The combination of wood, glass and concrete is breathtaking. In every picture I had ever seen, I always though it was one building. While they are connected and sitting on top of an ancient ziggurat, except for the sails that are nesting within one another, the cluster of sails don’t touch. As you can see in the first picture, there are three separate nesting sails. There is also a specific point outside, where you can stand and look down the center axis of both halls. Design drawings along with a page illustrating this axis are here. On another the note, the tiles on the shells of the building are not white. Utzon wanted the building to photograph white but wanted it to change with the different lights of the sun. He also wanted it to be bright without causing glare. He used a special ceramic from Japan and laid the tiles in a chevron pattern. The tiles are actually a combination of beige tiles and white tiles, which allows the sails to change colors. In the evening, the sunlight renders the roof a warm beige tone which you can see below. There is so much to say about this building that requires more space and time, so if you want to read more, you can visit the website here, which includes the entire history, process, details on the solution to building it, and more.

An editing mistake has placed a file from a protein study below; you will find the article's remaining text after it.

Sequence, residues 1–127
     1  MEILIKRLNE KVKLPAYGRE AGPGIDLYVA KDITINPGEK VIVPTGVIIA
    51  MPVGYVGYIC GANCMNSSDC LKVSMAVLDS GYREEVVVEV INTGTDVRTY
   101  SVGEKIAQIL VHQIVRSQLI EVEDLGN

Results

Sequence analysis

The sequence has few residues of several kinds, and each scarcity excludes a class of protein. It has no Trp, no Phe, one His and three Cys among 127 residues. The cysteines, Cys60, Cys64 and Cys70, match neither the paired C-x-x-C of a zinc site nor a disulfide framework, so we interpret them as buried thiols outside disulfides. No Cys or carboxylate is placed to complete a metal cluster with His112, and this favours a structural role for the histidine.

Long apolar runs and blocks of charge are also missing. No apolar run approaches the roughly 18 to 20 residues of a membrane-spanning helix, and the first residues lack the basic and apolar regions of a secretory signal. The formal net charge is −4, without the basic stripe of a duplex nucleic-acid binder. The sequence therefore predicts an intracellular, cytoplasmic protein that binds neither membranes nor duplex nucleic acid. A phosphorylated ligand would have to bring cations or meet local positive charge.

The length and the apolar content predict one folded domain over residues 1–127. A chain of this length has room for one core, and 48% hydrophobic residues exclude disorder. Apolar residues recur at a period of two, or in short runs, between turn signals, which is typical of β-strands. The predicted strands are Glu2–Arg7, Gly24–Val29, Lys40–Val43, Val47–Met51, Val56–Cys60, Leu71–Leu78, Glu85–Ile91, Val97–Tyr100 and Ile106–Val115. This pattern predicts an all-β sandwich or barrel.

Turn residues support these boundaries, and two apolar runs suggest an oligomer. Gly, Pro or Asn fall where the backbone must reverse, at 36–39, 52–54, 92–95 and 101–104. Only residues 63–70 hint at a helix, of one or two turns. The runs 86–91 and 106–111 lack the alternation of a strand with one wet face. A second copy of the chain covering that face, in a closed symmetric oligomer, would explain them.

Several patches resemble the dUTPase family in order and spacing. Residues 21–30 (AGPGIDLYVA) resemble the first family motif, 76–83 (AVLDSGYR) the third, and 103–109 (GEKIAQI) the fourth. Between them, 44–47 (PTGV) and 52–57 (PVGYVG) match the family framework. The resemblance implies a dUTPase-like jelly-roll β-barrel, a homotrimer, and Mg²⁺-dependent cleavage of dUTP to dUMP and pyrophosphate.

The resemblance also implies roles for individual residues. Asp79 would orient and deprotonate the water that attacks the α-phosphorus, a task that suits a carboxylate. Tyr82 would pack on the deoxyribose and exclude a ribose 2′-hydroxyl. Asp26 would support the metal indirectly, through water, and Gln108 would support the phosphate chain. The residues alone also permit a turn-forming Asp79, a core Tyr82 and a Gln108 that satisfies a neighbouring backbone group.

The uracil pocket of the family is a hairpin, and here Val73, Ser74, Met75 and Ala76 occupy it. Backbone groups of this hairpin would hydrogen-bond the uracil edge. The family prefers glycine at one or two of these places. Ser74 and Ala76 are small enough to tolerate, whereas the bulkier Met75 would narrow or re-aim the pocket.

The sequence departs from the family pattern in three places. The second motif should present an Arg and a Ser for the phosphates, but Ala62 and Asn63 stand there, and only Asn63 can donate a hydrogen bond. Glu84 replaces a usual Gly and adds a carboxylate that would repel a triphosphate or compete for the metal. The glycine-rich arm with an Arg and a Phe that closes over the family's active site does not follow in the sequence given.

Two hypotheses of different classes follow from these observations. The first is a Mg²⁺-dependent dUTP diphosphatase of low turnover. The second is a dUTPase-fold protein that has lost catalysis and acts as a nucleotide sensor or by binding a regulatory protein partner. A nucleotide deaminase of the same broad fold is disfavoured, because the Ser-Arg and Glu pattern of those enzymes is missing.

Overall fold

Harbour Walk

There are walking paths all around the harbor and the views are stunning. You can even climb the top of the bridge, like these brave souls pictured below.

The Rocks

This historic district is full of character. Restaurants, bars and shops line the streets with the bridge towering in the background. Tap Rooms, the brewery I blogged about previously, is on the corner in the last picture. If you missed that blog, you can find it here. This is Sydney’s first settlement and was once a place of prostitutes and sailors but has transformed into a modern destination with art galleries, creative shops and a market with over 100 stalls on Saturdays and Sundays.

While in The Rocks, you have to check out Denham, the jeanmaker.

And Hat World

Sunset Harbour Cruise

Watching the sun go down behind the bridge and seeing the Opera House change colors in evening light on a harbor cruise is a must. Before heading out, stop and get a drink at Opera Bar at the base of the Opera House overlooking the harbor. You get great views of the Opera House, Fort Dennison, Darling Harbor and even a pass under the bridge.

Love this city! Since everything is clustered together by the harbor, it’s easy to see a lot in a short amount of time. Can’t wait to go back!

Xo,

Cassandra